Writing Advice from Ada Limón

By Alison Stagner, SAL Events Coordinator & Sonder Editor


When SAL’s luminous 2016/17 Poetry Series opener Ada Limón visited Roosevelt High School last Thursday, there was a surprising moment in the classroom.

Asked about the writing exercises she uses in her own classes, Ada described a technique she ordinarily practices with much younger children: a group effort poem, composed aloud, in which students go around popcorn-style, completing the sentence I love _____________.

“Why don’t we try it?” challenged the English teacher, Tom Nolet.

Despite being designed for eight-year-olds, pretty soon, this exercise had the high school students on fire. As one student after another piped up with their contributions, the entire class went quiet, tuned in to the rhythms of one another’s speech, to the small, unexpected details they managed to stitch into the notion of “love.” It was an exercise that asked students to be vulnerable, spontaneous; and vulnerability must be the origin of creativity and innovation, because even the kids slouched in the back row were smiling and nodding along.

Given a little jolt of inspiration just hearing about this exercise from Alicia Craven, WITS Program Director, I turned to the SAL audio archives to pull more genius advice from Ada Limón’s reading at McCaw Hall on October 5th. Here’s everything she had to say from ending poems, to finding her own voice, to dealing with failure—plus one hard lesson she learned from poet Philip Levine.


On love poems:

“I have been fascinated by the idea of writing love poems for your friends.”

 

On taking lessons with Philip Levine:

“At one point, I was reading a lot of Kenneth Koch, and I brought in a poem that had really long lines, that wasn’t very narrative at all… It was kind of scattered. Phil was staring at the poem, obviously thinking, What is this? My friend Kazim Ali said, “But Phil, aren’t there some beautiful lines here?” And he responded: “Yeah, there are some beautiful lines, I just wish she had put them in an effing poem.” (He didn’t say “effing,” though. He wasn’t censoring himself.) It really kind of wrecked me for a while, but at the same time, I have always remembered that: even if you’re saying a lovely, lyric sentiment within the middle of a poem, if it’s not building a poem, then it doesn’t matter.”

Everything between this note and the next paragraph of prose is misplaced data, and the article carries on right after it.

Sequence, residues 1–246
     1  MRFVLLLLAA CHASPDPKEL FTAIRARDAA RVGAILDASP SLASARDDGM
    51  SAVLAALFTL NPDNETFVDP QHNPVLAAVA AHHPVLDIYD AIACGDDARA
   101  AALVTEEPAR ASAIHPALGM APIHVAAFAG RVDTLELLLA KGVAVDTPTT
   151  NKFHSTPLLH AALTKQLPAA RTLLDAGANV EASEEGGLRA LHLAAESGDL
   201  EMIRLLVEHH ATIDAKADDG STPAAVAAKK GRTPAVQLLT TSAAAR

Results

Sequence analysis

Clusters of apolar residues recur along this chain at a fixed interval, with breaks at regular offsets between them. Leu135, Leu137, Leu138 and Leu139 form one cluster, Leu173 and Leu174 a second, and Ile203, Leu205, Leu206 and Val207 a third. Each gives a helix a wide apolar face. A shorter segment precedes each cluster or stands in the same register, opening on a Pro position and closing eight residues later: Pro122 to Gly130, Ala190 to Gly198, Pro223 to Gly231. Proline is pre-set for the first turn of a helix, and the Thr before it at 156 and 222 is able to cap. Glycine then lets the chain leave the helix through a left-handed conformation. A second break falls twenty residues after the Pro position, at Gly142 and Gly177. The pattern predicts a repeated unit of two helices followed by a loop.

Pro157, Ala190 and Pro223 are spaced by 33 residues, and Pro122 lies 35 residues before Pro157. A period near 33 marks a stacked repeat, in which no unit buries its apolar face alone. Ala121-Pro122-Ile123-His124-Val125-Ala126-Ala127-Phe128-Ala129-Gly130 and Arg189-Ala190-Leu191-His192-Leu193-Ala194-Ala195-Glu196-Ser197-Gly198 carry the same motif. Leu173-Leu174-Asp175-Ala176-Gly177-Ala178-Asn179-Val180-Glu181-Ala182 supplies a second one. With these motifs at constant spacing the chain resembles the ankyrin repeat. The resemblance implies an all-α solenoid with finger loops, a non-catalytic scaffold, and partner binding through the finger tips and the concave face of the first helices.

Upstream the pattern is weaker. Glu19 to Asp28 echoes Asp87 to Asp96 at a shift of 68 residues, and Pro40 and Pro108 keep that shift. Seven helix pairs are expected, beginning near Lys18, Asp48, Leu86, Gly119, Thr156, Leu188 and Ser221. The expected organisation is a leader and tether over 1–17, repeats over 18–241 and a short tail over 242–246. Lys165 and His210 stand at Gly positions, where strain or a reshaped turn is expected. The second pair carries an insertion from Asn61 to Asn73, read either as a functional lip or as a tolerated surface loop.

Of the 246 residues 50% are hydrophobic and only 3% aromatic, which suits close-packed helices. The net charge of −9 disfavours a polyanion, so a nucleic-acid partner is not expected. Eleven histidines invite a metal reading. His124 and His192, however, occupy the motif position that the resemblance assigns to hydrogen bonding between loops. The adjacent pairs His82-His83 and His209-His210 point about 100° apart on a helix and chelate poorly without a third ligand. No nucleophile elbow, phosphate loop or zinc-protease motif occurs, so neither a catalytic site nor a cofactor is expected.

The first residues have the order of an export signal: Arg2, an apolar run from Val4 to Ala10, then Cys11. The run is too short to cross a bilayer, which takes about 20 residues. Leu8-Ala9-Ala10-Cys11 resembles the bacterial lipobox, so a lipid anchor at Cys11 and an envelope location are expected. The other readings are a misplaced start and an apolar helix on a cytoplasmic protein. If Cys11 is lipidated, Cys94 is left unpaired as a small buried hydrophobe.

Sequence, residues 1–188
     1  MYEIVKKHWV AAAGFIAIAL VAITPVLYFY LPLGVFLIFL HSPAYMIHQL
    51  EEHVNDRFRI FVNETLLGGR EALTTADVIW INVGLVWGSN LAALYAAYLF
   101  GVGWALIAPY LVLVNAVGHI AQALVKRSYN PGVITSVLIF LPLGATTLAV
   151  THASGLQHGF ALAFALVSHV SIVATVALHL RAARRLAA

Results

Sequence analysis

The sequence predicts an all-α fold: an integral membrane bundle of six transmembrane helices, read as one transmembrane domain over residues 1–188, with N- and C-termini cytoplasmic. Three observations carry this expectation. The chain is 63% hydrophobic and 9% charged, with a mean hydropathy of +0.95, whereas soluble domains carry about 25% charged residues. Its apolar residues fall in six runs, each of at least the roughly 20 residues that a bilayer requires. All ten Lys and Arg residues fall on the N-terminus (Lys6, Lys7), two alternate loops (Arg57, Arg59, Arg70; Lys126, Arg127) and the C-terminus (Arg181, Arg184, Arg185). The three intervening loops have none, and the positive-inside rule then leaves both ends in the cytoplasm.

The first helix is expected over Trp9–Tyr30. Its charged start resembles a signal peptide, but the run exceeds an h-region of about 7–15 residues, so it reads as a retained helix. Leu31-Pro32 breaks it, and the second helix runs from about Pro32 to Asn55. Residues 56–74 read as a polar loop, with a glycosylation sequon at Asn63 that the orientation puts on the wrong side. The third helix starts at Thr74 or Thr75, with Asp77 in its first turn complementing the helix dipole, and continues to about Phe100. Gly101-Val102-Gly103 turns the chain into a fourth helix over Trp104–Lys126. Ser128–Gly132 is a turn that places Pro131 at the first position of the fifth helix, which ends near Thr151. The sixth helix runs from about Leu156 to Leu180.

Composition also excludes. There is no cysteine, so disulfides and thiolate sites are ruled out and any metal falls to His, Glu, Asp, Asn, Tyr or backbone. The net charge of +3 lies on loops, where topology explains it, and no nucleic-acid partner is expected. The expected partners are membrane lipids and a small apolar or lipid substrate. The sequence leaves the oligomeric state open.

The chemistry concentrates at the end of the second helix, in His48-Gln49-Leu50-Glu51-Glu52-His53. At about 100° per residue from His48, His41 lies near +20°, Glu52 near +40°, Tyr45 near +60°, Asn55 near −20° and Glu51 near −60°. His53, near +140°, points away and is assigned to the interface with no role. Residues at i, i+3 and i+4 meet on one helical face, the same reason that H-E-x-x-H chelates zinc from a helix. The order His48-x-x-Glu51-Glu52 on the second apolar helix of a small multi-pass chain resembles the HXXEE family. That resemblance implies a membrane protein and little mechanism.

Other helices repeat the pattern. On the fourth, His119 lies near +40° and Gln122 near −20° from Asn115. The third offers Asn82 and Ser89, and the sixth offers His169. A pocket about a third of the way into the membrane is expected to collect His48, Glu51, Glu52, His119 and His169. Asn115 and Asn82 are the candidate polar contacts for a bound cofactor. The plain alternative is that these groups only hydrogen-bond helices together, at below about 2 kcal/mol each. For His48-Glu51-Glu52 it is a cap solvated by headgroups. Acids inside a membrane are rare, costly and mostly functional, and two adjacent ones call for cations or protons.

On failure and rejection:

“Failure is fascinating because that’s the entire process of writing. You’re never living up to the reality of what’s happening in your head.”

“You shouldn’t listen when [critics] tell you the bad things. But you also shouldn’t listen when they tell you the good things. Both of those can wreck your creative process. It still has to be about the attempt.”

 

On finding her own voice in poetry:

“I compose out loud almost entirely because the sound is really essential for me. When you do that, you get really familiar with your own voice. It’s an easy way to find what is off-kilter or not ringing a true note.”

 

On endings:

“I’m obsessed with endings. I see a lot of contemporary or younger poets maybe not making choices for endings. They just leave the poem. And I always tell students: it’s like you have us in a room, we’re right there with you, we kind of have a crush on you—and then you just walk away. And there’s a lot of poems that do that, primarily because people are scared to make a choice.”

“I want to be Simone Biles. I just want to stick it. But sometimes, the poem just doesn’t have that. Sometimes, the poem just needs to meander off. So it’s a constant struggle between bowing down to the poem and following my instincts as a writer.”

 

On permission:

“I feel like so many students sit down to write a poem and say, What’s the worst thing that’s ever happened to me? That’s what I’ll write about because that’s what a poem should be. What’s really hard is to write about joy, happiness, contentment. We don’t have the language for it. So give yourself permission not to write the list of sad things.”


Missed out Ada Limón? Many more fabulous poets are coming in our 16/17 Poetry Series—next up is the Bagley Wright Lectures Series poet, Rachel Zucker, who will be giving a talk on confessional poetry, ethics, and disobedience on November 14th.

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